Mumbai resident Jatin works at an MNC in New Delhi. When his father back home suffered a fall, leading to a fractured hip, Jatin took leave from work to be by his side.
Then, on a friend’s recommendation, he turned to a home healthcare provider.
The experienced caregiver was a highly skilled medical professional and provided personalized care to his father, keeping Jatin informed of his progress.
Jatin was able to return to work knowing his father was in good hands.
Like Jatin, many young professionals are turning to home healthcare services to care for aging parents and grandparents.
The industry is still at a nascent stage, but evolving rapidly.
The Asian home healthcare market is expected to grow at a CAGR of 9.7% from 2014 to 2020 owing to high unmet medical needs coupled with rapidly improving healthcare infrastructure in India and China.
The biggest growth driver of professional home care is the growing geriatric population in India, their condition may not be complicated enough to require recurrent hospitalization.
Home healthcare includes a range of services from physiotherapy to nursing, palliative and cancer care.
The care delivery model in India is shifting focus from hospitals and a doctor-centric approach to independent delivery models with self-diagnostics, self-monitoring and self-medication.
With the increasing use of technology and remote monitoring, home healthcare can positively impact management of chronic conditions.
As healthcare transitions from volume-based to value-based delivery models, the measure of a positive patient experience continues to be of greater importance to home healthcare providers. With consumers more involved in decisions affecting their care, a provider’s reputation as shaped by public sentiment is gaining more traction in current times.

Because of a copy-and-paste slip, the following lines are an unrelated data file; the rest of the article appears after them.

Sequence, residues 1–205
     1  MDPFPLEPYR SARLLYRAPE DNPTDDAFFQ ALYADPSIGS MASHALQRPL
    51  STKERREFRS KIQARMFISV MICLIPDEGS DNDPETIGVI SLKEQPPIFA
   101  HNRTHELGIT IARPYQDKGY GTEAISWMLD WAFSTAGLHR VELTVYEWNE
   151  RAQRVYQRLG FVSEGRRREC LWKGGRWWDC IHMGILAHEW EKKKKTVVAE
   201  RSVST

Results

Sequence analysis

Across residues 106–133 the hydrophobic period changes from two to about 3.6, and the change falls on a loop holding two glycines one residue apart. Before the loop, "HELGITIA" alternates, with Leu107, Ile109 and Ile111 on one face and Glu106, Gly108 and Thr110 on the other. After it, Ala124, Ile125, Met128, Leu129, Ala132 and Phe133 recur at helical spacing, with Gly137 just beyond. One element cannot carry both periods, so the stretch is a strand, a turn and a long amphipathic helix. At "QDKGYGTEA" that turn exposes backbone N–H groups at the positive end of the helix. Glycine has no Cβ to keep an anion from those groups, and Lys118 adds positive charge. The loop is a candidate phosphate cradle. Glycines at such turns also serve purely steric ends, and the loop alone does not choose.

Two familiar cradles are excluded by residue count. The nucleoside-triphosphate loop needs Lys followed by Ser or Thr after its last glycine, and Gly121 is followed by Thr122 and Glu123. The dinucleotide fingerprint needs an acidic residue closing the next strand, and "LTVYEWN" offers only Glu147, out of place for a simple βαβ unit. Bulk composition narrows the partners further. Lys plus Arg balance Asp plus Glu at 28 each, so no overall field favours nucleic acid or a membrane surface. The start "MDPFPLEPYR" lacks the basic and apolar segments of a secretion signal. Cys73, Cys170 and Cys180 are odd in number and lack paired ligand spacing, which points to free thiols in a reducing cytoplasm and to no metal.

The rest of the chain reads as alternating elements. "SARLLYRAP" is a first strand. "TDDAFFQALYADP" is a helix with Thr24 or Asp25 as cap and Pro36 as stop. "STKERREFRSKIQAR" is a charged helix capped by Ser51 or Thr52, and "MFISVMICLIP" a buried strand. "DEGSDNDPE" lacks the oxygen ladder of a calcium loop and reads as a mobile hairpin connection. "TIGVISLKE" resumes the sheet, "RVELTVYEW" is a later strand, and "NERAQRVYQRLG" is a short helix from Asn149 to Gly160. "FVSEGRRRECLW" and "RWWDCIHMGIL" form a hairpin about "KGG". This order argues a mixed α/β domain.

It influences not only patient engagement, but can give healthcare providers an advantage in establishing partnerships with other providers creating a collaborative healthcare environment. A positive patient experience drives reputation as well as a patient’s willingness to recommend a facility and establish loyalty.
Holistic care models:
Healthcare has traditionally been delivered in silos, with multiple entities separately involved in the care of an individual.
For value-based home care to be successful, the industry will start to look at care from a holistic perspective, and facilitate communication across interdisciplinary care teams. This means investing more time and resources to improve the way caregivers communicate with not just members of their own immediate teams, but with all the providers delivering care to a patient. Providers are focusing on improving care quality and outcomes not only from a clinical perspective, but also from an emotional, spiritual, social and financial perspective.The goal is to improve the experience for the individual and leverage the potential for improved resource allocation and reduced costs.
Non-availability of comprehensive insurance coverage for home healthcare services is an area of concern.
Home healthcare services are not covered by health insurance companies. However, some organized players in the home healthcare sector are in discussions with insurance providers to initiate insurance as a value-added service for their clients, this is one trend that will take off soon.
Future of Home Healthcare:
The home healthcare industry in India is at approximately $3 billion, growing at a CAGR of 20%.
There is a critical need for professional health care in Tier 2 and Tier3 cities. With judicious use of technology, high-quality home healthcare services can be implemented and expanded to cover the masses. With improved affordability, need for a personalized care for chronic and lifestyle-based diseases and rise of nuclear families, home healthcare will continue to soar.
Vipin Pathak is the CEO and CoFounder at Care24, a company that offers professional care from trained caregivers that help the patient recuperate at home.